A bird-lover, who saved a crow he named “Russell” from certain death after it was stuck in a fence and unable to fly away, now receives friendly visits from a crew of the bird’s mates wishing to thank their new earthbound friend for his big heart.
In the world of birds, crows have got something of an unfair reputation. Cruelly branded as the Darth Vaders of the skies, crows are often shunned by feathered fanciers in favour of the much more twee blue-tit, robin red-breast, or common sparrow.
Which is a crying shame, because crows are darkly majestic and noble birds. They may have been depicted as macabre and creepy by everyone from Edgar Allan Poe to Alfred Hitchcock, and they may be partial to hanging around sights of human misery and suffering, such as battlefields and graveyards, since the dawn of time, but these natural born scavengers have a lot of love to give, if anyone takes the time to really get to know these black-winged beauties.
Take the story that recently appeared in the Inquisitr about eight-year-old Gabi Mann, who had been feeding crows in her neighbourhood since 2011.
Gabi, who shared most of her packed lunch with the crows as she walked to school, would often find a murder waiting to welcome her back when she returned home.
After feeding the crows daily and adding water to their birdbath, Gabbi and her mother were amazed to find the crows had began leaving them little gifts in return such as, “a miniature silver ball, a black button, a blue paper clip, a yellow bead, a faded black piece of foam, a blue Lego piece, a clip that says ‘BEST’ on it, and Gabbi’s personal favourite, a rock that looks like a polished pearl.”
This is apparently not a rare occurrence and professor of wildlife science at the University of Washington explained to BBC News that, “It is not uncommon for crows to extend gifts to those they have bonded with. If you want to form a bond with a crow, be consistent in rewarding them.”
The man who rescued Russell the crow from a fence and nursed it back to health knows all about forming bonds with crows. In fact, he is now being visited by flocks of the bird’s mates.
The bird-lover in question initially found the helpless crow with its head wedged between two planks of wood.
After gently easing the panic-stricken bird out, he took it home, nursed it back to health, and documented the crow’s road to recovery on imgur.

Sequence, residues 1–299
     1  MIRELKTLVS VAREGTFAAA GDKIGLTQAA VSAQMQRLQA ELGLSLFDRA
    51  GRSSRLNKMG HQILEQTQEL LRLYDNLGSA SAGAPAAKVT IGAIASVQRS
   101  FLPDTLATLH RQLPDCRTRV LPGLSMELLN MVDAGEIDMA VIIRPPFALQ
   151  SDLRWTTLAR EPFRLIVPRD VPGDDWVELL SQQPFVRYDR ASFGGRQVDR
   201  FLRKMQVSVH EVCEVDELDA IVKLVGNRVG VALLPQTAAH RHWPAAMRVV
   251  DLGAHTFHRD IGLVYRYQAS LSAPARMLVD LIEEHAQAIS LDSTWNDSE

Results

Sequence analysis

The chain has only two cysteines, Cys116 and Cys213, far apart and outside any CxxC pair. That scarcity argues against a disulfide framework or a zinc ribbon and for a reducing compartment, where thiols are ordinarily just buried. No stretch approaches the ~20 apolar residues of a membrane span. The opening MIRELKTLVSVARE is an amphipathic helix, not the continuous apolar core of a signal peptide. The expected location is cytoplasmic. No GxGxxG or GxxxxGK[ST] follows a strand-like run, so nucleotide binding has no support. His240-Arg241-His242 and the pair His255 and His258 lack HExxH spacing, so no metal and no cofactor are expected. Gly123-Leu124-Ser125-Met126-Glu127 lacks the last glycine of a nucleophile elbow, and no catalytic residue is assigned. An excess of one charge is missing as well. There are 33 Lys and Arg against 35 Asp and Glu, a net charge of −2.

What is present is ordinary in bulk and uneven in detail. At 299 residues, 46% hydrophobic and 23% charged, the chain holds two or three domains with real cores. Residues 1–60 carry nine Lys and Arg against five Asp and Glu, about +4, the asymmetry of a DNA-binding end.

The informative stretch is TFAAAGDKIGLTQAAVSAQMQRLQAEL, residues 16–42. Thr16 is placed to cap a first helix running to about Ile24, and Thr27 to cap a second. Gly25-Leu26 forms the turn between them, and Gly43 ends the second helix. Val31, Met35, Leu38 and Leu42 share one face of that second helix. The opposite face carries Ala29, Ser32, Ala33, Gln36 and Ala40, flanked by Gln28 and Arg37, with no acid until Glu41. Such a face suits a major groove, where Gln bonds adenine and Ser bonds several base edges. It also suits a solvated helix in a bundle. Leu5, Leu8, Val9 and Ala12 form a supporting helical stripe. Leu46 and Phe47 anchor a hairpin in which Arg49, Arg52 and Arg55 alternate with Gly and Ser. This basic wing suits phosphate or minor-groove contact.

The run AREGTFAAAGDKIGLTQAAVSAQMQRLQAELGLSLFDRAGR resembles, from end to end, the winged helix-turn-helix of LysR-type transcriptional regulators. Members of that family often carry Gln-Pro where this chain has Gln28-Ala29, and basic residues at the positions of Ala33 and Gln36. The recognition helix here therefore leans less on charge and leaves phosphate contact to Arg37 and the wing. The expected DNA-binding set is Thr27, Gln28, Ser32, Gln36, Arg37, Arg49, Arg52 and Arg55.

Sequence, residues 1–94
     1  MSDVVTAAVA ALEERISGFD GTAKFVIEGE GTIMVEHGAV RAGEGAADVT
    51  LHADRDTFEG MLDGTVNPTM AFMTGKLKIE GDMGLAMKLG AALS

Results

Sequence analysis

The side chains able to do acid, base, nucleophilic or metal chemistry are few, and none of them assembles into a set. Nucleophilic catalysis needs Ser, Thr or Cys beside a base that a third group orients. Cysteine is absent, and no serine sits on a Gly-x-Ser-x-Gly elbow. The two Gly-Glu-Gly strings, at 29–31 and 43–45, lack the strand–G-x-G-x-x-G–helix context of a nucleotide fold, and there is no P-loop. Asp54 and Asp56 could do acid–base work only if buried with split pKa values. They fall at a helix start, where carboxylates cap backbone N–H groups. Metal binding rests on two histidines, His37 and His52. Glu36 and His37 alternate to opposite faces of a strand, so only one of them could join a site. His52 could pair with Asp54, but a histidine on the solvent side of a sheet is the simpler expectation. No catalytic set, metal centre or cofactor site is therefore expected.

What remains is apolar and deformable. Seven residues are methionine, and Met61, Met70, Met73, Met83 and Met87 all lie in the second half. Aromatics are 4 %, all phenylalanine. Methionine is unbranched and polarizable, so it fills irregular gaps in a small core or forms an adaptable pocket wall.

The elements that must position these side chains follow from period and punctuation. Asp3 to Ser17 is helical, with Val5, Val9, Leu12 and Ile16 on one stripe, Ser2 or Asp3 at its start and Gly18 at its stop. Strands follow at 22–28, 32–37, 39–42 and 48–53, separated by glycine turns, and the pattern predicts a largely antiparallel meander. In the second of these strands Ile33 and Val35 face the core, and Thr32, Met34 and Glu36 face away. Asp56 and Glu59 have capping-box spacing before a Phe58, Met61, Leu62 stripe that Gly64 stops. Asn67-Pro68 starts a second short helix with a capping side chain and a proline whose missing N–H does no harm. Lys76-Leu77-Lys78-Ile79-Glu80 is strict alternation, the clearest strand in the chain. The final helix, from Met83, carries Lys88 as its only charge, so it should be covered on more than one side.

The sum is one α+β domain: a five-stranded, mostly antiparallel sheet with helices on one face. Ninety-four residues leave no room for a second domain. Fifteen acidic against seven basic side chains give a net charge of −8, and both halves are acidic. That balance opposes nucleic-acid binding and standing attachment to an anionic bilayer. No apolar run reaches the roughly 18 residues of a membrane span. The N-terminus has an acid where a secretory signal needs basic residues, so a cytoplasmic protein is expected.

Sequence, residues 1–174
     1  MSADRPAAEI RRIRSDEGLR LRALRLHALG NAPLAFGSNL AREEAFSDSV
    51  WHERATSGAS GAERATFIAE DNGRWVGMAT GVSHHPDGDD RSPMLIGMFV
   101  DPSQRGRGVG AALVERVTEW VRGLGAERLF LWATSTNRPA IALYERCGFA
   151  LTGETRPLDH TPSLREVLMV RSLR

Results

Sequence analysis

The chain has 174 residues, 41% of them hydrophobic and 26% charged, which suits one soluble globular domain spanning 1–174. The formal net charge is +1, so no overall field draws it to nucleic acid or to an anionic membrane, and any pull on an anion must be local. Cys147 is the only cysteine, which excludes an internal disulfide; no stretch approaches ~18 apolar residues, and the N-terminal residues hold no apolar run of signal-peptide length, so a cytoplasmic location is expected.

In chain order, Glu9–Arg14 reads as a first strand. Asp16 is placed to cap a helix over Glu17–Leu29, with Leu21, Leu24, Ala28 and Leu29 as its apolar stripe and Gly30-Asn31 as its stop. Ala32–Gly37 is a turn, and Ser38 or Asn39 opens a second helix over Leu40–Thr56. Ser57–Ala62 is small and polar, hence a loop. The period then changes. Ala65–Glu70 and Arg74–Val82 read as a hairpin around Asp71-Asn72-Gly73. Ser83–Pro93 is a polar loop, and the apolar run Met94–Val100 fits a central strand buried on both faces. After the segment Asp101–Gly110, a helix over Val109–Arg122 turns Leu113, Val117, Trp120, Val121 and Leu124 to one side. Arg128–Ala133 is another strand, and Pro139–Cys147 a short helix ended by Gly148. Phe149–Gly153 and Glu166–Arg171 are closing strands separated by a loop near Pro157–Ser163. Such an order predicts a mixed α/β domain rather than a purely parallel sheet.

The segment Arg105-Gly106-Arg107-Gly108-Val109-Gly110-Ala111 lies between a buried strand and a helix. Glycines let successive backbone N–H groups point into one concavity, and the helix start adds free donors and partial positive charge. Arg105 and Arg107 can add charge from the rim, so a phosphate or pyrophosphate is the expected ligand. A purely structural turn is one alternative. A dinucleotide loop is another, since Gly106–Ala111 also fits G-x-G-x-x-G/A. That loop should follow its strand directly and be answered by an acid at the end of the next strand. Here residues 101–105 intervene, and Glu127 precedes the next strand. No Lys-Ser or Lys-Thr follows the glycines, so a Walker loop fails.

Obviously being a sovereign of the skies and prince of the midnight hour, Russell the crow belonged to the realm of airy abandon and lofty grace and not the earthbound kingdom of us mere humans. Russell yearned to fly high in the friendly sky once again.
The poignant day came when man and bird parted company. It was a fond if bittersweet farewell, as the winged, and wild being since bird flew into the sun, and the other, a more domesticated and less agile creature walked into the shadows.
Yet that was not the end of this inspiring tale.
Russell the crow chose to spread the word about his human friend’s kind ways, and since then Russell’s friend has been visited often by a crew of crows, wishing to say a big thank-you to the human with a heart which who proved far bigger than the stereotypes.
And when it comes to crows there are a whole host of stereotypes, such as the French one about crows being evil priests in another life, the English tradition which saw West country locals carrying onions to protect them from the devilment and unbridled malice of crows, and the old rhyme about a crow on the roof which reels, “A crow on the thatch, soon death lifts the latch.”
OK, so the one about an absolute plague of crows descending upon Hiroshima in the wake of the atomic bomb, has been confirmed by reporters who were on the scene, but as the man who rescued Russell so eloquently put it, “I’d like to think everything from insects to humans deserve to live, so if you see something that needs help you should help.”
(Image Credit: Getty Images/Imgur)